Additionally, due to poor farming techniques, deficiencies of iodine and other minerals in the soil have increased. Obviously, crops grown in iodine-deficient soil will be deficient in iodine.

And iodine deficiency is not only due to inadequate intake.

It's also due to the toxic substances we're exposed to on a daily basis, including compounds such as bromine, fluoride and chlorine. These toxic halogen compounds that have wormed their way into our bodies force iodine to compete for limited binding sites to work its magic.

Perhaps you've never heard of bromine. In the 1980's, bromine replaced iodine in the baking industry. Bakers used to use iodine to condition their dough. But in a flash of poor reasoning, the industry began to question the safety of using iodine in bakery products. So they went with bromine instead. This meant less iodine in our diets.

Even worse, bromine interferes with iodine utilization in the thyroid and other areas iodine concentrates in the body. Plus, it's a known carcinogen.

Learn more here. . .

Let’s talk about bones. . . about types of calcium to build bones. . . about medications used in osteoporosis.


boneremodelingBones are constantly breaking down bone cells and building new ones (called remodeling).  How does calcium fit in here?  Which medications might be helpful (or harmful)?

Americans take more calcium supplements than any other group on the planet – and we have one of the highest rates of osteoporosis.  Why?

Calcium is only one of many different components necessary to help build and maintain strong bones.  The calcium in your bones accounts for approximately 20% of the entire makeup of bone. That’s it.  The other 80% contains phosphorus, zinc, magnesium and many other minerals, as well as collagen protein.  This is a big part of the reason that taking calcium supplements alone is not the answer.  Taking calcium alone would be like trying to bake a cake with only one ingredient or building a car using only steel. 

There is a calcium based supplement called MCHC (microcrystalline hydroxyapatite) that contains all the elements of bone building that can serve a more effective role in maintaining bone health.  Learn more here. . . 

The medications used to treat osteoporosis have significant drawbacks as clearly defined by the FDA.  They prevent bone breakdown, but do not build new bone.  Old bone becomes brittle and can spontaneously fracture – particularly the jaw and the thighbone and hip.  One in particular has severe potential risks: Prolia.  The FDA’s Division of Epidemiology listed nine “adverse events of special interest” before Prolia’s approval, including:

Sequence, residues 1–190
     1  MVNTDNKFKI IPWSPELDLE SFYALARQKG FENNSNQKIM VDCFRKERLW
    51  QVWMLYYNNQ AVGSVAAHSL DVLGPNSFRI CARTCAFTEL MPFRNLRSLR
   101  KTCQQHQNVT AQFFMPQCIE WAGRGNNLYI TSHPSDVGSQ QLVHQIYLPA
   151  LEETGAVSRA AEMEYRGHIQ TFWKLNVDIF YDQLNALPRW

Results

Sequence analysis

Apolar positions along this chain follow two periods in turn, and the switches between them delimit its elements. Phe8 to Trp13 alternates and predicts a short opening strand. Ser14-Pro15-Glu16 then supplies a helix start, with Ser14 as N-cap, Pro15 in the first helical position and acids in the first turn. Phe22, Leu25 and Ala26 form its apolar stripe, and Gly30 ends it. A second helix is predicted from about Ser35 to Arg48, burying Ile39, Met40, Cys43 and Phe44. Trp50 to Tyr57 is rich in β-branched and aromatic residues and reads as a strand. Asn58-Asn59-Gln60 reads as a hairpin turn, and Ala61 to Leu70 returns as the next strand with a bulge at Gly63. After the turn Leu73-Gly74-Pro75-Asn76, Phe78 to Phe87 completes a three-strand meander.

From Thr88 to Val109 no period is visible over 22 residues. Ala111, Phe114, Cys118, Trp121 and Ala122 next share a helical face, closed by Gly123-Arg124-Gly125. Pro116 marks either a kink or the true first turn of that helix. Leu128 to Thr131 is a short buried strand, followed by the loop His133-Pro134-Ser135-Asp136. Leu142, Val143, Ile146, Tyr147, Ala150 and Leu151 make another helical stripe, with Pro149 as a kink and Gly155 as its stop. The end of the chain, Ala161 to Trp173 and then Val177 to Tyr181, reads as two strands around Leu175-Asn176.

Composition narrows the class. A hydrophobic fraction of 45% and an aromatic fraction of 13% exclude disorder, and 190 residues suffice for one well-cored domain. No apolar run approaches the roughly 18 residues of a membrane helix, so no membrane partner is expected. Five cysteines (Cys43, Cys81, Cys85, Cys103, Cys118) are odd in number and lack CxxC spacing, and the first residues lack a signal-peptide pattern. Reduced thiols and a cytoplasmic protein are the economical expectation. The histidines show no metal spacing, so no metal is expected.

Osteonecrosis of the jaw (destruction of jaw bone tissue)

Atypical fracture

Fracture healing complications

Low calcium levels

Infections (adversely affects the immune system)

Acute pancreatitis 

New primary malignancy.  Learn more about this here . . .

What to do?  Learn more.  Ask an RN Patient Advocate to teach you about bones:  how they grow, why they decay, all the different approaches.  Then decide what is best for you.

Key to your heart health? The lining of your arteries!


This lining, called the endothelium, “is the single-celled layer lining the arteries of the body. In fact, it’s the most extensive organ system in the human body. It’s also a recipient of the abuse our bodies receive, a fragile organ that injury transforms into a plaque-lined landmine” explains Dr. J. Cooke of Stanford.

artery“A healthy endothelium is like Teflon, a nonstick surface that enhances the flow of blood. By contrast, an unhealthy endothelium is like Velcro, with white blood cells and platelets sticking to it.   When the lining of the blood vessel in healthy cells don’t stick, clots don’t form, arteries don’t harden, and you won’t die of a heart attack or stroke.”

The ENDO PAT 2000 described in the previous news post measures the health of your endothelium.

So what causes problems here?  High fat foods, frequent fast foods, foods that cause inflammation, high blood pressure, high LDL, high homocysteine levels, prolonged periods of stress, and smoking are some of the main culprits.

Learn more about how to protect yourself. . .

RN Patient Advocates, PLLC

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RN Patient Advocates, PLLC

3400 West Goret Road
Tucson, AZ 85754
Phone: 520-743-7008